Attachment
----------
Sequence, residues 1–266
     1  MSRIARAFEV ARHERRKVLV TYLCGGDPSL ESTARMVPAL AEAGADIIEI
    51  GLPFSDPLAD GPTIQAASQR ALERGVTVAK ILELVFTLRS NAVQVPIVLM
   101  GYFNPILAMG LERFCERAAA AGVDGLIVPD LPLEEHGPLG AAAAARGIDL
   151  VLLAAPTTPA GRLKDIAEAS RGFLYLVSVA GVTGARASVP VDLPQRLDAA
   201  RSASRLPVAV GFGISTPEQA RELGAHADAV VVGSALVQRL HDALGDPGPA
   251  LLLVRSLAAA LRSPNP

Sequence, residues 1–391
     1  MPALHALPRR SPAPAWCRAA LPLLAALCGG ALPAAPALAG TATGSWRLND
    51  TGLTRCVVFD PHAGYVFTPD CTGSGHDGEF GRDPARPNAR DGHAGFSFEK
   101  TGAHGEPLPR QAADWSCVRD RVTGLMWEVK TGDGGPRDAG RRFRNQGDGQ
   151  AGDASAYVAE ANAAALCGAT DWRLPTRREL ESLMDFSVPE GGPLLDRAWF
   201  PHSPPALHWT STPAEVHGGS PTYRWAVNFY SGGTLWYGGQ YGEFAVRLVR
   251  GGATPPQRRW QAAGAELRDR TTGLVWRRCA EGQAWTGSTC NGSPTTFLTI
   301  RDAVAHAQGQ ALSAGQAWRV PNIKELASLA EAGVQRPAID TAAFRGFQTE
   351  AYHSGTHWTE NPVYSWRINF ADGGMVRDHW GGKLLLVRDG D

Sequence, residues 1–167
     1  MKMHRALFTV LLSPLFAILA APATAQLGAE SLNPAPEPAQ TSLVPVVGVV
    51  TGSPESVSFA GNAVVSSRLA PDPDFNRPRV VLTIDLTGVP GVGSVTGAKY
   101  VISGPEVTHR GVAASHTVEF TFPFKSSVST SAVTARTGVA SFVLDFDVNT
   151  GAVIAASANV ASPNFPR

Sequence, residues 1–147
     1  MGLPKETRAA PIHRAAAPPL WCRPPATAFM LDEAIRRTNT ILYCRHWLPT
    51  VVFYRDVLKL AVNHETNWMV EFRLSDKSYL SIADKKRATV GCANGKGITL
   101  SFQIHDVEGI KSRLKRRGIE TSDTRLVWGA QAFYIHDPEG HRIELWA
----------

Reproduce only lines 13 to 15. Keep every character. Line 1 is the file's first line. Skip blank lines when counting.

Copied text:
   201  PHSPPALHWT STPAEVHGGS PTYRWAVNFY SGGTLWYGGQ YGEFAVRLVR
   251  GGATPPQRRW QAAGAELRDR TTGLVWRRCA EGQAWTGSTC NGSPTTFLTI
   301  RDAVAHAQGQ ALSAGQAWRV PNIKELASLA EAGVQRPAID TAAFRGFQTE